BOSTON – A New Bedford man was charged today with hacking into computer networks around the country – including networks belonging to law enforcement agencies, a local police department and a local college – and obtaining highly sensitive law enforcement data and altering academic records. He also obtained stolen credit, debit and payment card numbers.
Cameron Lacroix, 25, was charged with two counts of computer intrusion and one count of access device fraud. Lacroix has agreed to plead guilty. If the plea agreement is accepted by the court, Lacroix will be sentenced to four years in prison to be followed by three years of supervised release.
It is alleged that, between September 2012 and November 2013, Lacroix who was enrolled as a student at Bristol Community College (BCC), repeatedly hacked into BCC’s computer servers and used stolen log-in credentials belonging to three instructors, to log into the web-based grade recording system, where he changed course grades for himself and two other BCC students.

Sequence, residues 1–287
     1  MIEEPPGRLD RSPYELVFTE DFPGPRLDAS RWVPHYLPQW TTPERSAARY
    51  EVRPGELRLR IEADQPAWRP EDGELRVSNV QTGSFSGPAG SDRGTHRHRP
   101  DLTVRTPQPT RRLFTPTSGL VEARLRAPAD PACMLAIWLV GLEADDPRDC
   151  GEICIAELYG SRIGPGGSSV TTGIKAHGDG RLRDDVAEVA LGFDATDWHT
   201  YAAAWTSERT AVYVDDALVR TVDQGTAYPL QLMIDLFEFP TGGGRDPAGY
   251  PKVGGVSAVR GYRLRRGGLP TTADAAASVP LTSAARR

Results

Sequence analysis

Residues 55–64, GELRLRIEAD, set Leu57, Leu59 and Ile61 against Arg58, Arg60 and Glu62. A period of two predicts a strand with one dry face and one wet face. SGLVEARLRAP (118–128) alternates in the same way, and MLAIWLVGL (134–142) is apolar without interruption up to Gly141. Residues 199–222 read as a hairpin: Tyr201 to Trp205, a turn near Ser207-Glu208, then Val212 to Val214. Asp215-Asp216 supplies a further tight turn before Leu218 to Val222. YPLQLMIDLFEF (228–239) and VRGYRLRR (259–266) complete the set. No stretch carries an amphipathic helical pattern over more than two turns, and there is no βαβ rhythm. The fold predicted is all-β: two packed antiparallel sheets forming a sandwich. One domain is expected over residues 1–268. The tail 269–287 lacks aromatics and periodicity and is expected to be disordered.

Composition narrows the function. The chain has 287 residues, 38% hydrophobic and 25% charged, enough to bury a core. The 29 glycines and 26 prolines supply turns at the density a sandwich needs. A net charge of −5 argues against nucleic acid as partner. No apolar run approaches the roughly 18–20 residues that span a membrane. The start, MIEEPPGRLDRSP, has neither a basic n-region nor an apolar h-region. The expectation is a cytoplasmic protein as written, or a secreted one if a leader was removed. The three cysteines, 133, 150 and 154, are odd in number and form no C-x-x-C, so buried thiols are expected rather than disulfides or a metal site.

In addition, in September 2012, Lacroix allegedly hacked into a computer server operated by a local Massachusetts police department and accessed an e-mail account belonging to the chief of police. From August 2012 through November 2013, Lacroix is accused of repeatedly hacking into law enforcement computer servers containing sensitive information including police reports, intelligence reports, arrest warrants, and sex offender information.
It is further alleged that between May 2011 and May 2013, Lacroix obtained and possessed payment card data for more than 14,000 unique account holders. For some of these account holders, Lacroix also obtained other personally identifiable information, such as the account holders’ full names, addresses, dates of births, social security account numbers, email addresses, bank account and routing numbers, as well as listings of merchandise the account holders had ordered.
United States Attorney Carmen M. Ortiz; Assistant Attorney General Leslie R. Caldwell of the Justice Department’s Criminal Division; Vincent Lisi, Special Agent in Charge of the Federal Bureau of Investigation’s Boston Division; and Colonel Timothy P. Alben, Superintendent of the Massachusetts State Police made the announcement.
The case was investigated by the FBI Boston Division Cyber Task Force. The U.S. Attorney’s Office would also like to acknowledge the cooperation and assistance of Bristol Community College.
The case is being prosecuted by Assistant U.S. Attorney Adam Bookbinder, Chief of Ortiz’s Cyber Crime’s Unit and Senior Trial Attorney Mona Sedky from the Criminal Division’s Computer Crime and Intellectual Property Section.
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